Drugs like cocaine and molly becoming more popular in NHL


  • And it prompts a number of pressing questions: How common is drug use in the NHL? Which drugs are the most prevalent? Is the league concerned?
  • In an attempt to answer these questions, The Athletic spoke to dozens of people within the game — players, coaches, executives, agents, scouts and more — to gauge what is taking place behind closed doors and once players leave the rink. To encourage candor and to assuage any fear of retribution, personal or professional, anonymity was granted to those who asked for it.
  • The vast majority of people interviewed indicated that the tendency of players from eras past to abuse drugs, even painkillers, has shifted.
  • Marijuana use is still considered common and its legalization in many places in the United States and the federal legalization of the drug in Canada has prompted discussions between the NHL and NHLPA about an informal agreement about its usage.
  • But the growing sense is that some players are spurning the postgame six pack of beer and turning to stronger substances, including hard and synthetic drugs.
  • At least 10 people interviewed for this piece cited cocaine as the vice of choice among NHL players, especially among the younger set.
  • Molly (a pill form of MDMA, which is also known as ecstasy), was frequently mentioned as a drug surging in popularity as well.

“It’s really the secret that everybody knows,” said one recently retired NHL player who still is working in the game.

  • It is impossible to know just how prevalent cocaine and molly have become, but people are talking about it as a legitimate trend and there is anecdotal evidence to suggest the drugs are in circulation.

“Guys are just popping molly on the weekends or before a team Halloween party or whatever,” said the retired player, who has been shocked at how openly the drugs are now used.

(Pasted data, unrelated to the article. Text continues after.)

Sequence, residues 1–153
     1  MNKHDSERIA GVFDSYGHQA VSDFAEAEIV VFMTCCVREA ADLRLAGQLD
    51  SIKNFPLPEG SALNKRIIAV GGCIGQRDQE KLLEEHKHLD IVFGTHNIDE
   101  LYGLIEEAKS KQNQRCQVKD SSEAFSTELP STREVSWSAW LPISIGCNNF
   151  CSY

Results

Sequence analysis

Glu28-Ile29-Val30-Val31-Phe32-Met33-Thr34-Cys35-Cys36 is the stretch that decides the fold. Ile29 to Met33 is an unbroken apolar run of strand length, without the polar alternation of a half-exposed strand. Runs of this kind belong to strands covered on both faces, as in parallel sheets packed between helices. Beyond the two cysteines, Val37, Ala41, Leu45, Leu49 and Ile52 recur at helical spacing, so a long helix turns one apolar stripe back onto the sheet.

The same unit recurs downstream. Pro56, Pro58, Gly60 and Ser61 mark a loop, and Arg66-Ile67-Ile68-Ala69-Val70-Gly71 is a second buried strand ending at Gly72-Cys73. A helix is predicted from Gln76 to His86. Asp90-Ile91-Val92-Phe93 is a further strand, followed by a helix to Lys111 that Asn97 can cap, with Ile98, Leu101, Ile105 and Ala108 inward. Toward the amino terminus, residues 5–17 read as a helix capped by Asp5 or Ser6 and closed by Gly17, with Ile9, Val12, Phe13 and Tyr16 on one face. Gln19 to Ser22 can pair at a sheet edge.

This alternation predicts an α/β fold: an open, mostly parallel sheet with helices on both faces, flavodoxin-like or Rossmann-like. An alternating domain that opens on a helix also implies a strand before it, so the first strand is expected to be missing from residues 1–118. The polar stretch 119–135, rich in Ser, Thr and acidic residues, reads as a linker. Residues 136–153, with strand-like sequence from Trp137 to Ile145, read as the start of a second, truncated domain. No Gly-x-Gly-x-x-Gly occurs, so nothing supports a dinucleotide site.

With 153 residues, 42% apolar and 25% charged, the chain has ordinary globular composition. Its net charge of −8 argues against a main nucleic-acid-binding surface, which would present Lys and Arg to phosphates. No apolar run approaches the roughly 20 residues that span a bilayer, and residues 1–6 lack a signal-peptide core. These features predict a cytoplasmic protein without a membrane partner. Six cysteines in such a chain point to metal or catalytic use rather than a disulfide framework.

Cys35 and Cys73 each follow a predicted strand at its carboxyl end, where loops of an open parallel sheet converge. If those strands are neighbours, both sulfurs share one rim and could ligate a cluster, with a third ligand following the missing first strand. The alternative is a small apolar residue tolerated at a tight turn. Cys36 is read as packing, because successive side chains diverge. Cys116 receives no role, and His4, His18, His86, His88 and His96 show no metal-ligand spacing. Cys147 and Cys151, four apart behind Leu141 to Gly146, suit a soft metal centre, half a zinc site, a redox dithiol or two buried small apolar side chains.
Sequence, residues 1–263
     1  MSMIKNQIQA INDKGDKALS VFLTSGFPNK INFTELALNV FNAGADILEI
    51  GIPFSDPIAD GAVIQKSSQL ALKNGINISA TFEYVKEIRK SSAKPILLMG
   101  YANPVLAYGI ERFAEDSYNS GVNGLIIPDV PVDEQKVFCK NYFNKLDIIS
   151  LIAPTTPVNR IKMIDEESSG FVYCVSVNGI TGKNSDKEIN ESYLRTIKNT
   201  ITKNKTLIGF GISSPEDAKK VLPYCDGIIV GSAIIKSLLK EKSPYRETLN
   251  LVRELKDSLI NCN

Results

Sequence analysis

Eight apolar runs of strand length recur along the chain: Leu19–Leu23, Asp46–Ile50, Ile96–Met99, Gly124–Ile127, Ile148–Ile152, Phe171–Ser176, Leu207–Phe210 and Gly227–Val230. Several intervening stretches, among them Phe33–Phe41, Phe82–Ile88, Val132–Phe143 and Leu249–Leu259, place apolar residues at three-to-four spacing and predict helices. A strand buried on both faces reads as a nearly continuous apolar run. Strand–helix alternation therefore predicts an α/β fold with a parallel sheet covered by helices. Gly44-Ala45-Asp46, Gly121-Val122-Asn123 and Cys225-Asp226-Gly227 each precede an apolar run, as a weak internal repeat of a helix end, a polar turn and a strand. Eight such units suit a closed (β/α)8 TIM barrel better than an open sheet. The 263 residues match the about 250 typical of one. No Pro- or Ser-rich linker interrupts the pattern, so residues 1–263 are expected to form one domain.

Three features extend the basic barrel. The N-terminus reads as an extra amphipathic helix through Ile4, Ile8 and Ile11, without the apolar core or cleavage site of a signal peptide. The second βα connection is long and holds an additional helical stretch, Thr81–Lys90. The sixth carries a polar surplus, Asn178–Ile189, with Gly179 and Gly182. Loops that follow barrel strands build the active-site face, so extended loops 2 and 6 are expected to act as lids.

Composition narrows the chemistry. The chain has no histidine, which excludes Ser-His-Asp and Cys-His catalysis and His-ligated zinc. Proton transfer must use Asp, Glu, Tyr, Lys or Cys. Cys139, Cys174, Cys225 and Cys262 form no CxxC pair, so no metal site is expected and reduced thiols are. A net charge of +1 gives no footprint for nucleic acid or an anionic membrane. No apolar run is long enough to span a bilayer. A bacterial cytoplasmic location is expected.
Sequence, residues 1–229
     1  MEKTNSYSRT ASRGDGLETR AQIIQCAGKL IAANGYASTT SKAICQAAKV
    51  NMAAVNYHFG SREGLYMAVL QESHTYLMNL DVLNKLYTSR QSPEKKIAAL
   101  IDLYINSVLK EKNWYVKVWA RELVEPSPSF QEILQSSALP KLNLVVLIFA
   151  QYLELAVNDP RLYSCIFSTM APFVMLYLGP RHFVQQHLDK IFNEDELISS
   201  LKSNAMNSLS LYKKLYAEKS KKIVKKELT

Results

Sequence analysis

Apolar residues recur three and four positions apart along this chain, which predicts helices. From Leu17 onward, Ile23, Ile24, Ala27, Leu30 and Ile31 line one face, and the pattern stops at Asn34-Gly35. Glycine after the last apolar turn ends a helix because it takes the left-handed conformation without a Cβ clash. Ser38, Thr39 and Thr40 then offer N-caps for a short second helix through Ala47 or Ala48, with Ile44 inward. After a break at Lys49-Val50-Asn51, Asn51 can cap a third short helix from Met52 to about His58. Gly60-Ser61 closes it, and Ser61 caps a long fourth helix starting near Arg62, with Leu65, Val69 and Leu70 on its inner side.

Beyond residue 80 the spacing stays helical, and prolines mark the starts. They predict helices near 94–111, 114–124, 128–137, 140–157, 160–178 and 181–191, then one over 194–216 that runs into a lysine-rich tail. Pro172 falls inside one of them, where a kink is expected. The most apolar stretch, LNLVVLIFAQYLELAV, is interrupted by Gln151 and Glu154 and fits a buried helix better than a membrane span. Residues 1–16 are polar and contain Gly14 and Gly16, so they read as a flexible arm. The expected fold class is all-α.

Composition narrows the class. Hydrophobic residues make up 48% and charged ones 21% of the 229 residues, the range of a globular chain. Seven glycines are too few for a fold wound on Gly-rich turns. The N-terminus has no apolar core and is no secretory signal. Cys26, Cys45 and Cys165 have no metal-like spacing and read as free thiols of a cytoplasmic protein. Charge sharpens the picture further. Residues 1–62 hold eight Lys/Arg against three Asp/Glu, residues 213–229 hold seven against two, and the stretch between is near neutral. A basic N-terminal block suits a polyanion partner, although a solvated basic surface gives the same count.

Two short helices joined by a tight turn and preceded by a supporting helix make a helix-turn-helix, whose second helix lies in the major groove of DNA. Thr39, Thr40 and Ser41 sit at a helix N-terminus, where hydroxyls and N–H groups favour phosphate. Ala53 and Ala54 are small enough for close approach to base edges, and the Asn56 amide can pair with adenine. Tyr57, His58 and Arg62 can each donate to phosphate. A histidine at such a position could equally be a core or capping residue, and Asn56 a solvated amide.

• One veteran NHL player said that when he was first in the league, booze reigned supreme.
  • Now, he’s seen a sharp rise in what he calls “festival drugs” like cocaine and molly. Ten years ago, hearing about cocaine use in an NHL setting was rare.
  • Now, though it’s not necessarily rampant, he said it’s not uncommon.

“It’s not like it’s a hockey thing. It’s a culture thing,” the player said, pointing to the usage rates among the general population as well.

  • More recently, fentanyl has become a focal point, and with good reason, according to Bo Horvat, captain of the Vancouver Canucks.

“That’s the one I hear about the most, because a lot of stuff is getting laced with that,” Horvat said.

  • Horvat said that every year, the preseason seminar includes videos, information and a lecture about drugs, alcohol, concussions, and other health and safety issues.
  • He considers that an essential part of an NHL player’s education.

“They really harp on that kind of stuff. It’s huge for guys to see and hear different stories and what has happened around not only our league but in other leagues, too,” Horvat said. “It’s a real eye-opener for guys to see, especially at a young age.”

Sources & Credits: Katie Strang, The Athletic
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